29 March 2011
Many programs need to make use of resources that are expensive to create and maintain. Examples of these are database connections and threads. A resource pool provides a good way to manage these resources.
When a client needs to use a database connection, rather than create one itself, it asks the pool to give it one. After the client is done with the connection it returns it to the pool. Often a pool will create a bunch of connections when it starts up. The size of the pool can usually be set through configuration controls and can be adapted depending on how much need there is from clients and the costs of maintaining the resources.
If all the resources are in use when a client requests a new one, there are a couple of different responses. One is to throw an exception, another is to make the client wait until a resource comes available. Often the best response, if possible, is to grow the pool by creating further connections. That way the pool can be set to a low initial size and will grow as needed. If you do this you may need a mechanism to see if many resources are idle and then shrink the pool if the resources are a problem to hold onto. Even with dynamic growing, you will probably still need some limit for the pool's size, at which point you don't want the pool to grow any more.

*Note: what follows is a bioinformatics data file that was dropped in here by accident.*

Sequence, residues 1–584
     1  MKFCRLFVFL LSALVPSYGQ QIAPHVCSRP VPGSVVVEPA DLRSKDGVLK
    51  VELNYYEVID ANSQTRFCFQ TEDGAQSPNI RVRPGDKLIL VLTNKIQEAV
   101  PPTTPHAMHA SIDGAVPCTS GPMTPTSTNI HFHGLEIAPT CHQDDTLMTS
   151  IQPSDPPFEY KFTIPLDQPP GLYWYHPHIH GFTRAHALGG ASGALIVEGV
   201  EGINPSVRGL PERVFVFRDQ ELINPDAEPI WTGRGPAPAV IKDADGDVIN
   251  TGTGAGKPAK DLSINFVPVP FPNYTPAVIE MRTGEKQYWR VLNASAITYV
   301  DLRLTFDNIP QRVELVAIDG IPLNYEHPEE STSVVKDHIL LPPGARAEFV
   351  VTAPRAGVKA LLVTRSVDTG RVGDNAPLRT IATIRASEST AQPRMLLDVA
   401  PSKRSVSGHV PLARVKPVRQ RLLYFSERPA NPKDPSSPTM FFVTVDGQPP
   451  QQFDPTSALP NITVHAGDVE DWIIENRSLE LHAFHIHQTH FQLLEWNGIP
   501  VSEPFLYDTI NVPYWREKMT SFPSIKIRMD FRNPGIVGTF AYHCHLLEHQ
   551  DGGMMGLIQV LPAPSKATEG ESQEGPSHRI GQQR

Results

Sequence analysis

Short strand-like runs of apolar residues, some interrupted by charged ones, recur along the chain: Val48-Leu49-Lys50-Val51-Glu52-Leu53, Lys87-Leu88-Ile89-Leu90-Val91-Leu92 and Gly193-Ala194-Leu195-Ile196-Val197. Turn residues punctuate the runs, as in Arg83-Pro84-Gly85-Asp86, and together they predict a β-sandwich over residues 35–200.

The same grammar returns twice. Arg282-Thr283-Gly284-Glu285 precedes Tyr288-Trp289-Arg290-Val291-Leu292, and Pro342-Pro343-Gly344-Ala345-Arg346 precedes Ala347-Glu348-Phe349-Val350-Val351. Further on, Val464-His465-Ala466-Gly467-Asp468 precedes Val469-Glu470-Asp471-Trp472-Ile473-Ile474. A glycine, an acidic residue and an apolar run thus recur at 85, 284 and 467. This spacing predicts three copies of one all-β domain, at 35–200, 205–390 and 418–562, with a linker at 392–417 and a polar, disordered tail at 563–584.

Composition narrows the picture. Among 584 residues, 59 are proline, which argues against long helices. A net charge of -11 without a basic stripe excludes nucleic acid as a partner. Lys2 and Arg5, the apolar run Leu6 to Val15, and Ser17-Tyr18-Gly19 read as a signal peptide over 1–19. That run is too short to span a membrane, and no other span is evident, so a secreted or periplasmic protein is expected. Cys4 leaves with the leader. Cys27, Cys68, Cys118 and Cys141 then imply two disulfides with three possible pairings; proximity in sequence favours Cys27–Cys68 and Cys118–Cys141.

One problem you often run into with resource pools is clients not handing back the resources - which is a resource leak. A good way of combating that is to set the pool limit to 1 during testing, and configure the pool so that asking for a resource at limit raises an exception. That makes it easier to find the leaky client.
A good source for more information on resource pools is the Pooling pattern in POSA 3